The Divide That Matters
Patrick Appel writes:
The strongest argument against engagement with Iran is not that any individual political actor in Iran is irrational, but that the country's leadership is divided against itself and that the warring political fractions are incapable of committing to any sort of international agreement. The green movement added to this disunity.
I really think this is, in short, the biggest problem with those who took on the Green banner and championed it so unflinchingly and uncritically since last summer's protests broke out. It's worth noting that many of those who adopted the Green Movement after June 12 were the same analysts and journalists who just months prior had tried their best to put a positive face on Iranian democracy. Once that reality was shaken, and a regime most already understood to be awful actually confirmed said awfulness, many of these same analysts and journalists were left shocked and searching for an explanation.
Along came the Green Movement: a young, cosmopolitan and liberal movement rooted in justice, democracy and Islam; the kind of thing you rarely hear about when Iran hawks clamor on about Ahmadinejad and the "Mad Mullahs." Here, finally, was something even the casual Western observer could get behind.
It's a great story, and it's one that will no doubt continue to be told. But it was always a modest movement seeking electoral reparations; at best "revolutionary" only on its lesser fringes.
Thus, the problem with the Green Movement was never so much the Green Movement itself, but those in the West who were understandably compelled by months of "news, tweets, images, and videos" making the movement appear to be something it was not - not yet, anyway. The Greens became a canvass on which Westerners could paint their preferred Iranian regime, and that's a problem. When we only see the country we hope to deal with rather than the one we have to deal with, it puts us on the slippery slope toward confrontation and conflict (this is probably why so many anti-engagement Iran hawks have made common cause with the Green Movement's most ardent supporters during all these months).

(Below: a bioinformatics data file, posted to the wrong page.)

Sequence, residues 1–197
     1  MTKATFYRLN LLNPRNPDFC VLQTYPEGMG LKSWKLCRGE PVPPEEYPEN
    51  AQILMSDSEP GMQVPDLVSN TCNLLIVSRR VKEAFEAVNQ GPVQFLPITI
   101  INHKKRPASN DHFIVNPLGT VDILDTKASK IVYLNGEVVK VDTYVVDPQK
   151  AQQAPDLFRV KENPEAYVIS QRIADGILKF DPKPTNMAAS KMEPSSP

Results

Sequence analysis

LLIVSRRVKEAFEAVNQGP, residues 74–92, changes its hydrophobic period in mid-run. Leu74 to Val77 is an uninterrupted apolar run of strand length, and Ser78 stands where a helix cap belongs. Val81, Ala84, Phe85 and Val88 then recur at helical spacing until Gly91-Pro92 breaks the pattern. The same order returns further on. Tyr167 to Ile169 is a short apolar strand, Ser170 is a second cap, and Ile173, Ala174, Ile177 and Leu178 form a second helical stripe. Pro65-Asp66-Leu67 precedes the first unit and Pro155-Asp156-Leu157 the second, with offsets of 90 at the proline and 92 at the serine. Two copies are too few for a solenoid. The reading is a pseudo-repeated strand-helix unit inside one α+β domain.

The Iranian regime is always divided, and if we were to take Appel's advice, the time for engagement would be never.
Incidentally, I believe that Shadi Hamid and Larison are having the debate we in fact should be having on Iran, and I hope to see more of this going forward. The most important societal split in Iran, as far as the international community should be concerned, is not the one between the Greens and Ahmadinejad, but the split between global isolationists and integrationists. My guess is that these camps are respectively larger than the Green Movement and Ahmadinejad's inner-circle, and it's worth discussing which factions may or may not be interested in rapprochement on the nuclear question, terrorism, sanctions and so on.
I'm sure there are Greens who want nuclear weapons, just as there are no doubt "Ahmadi" supporters who'd be willing to forgo them. I think this is the relevant divide for Western observers to focus on.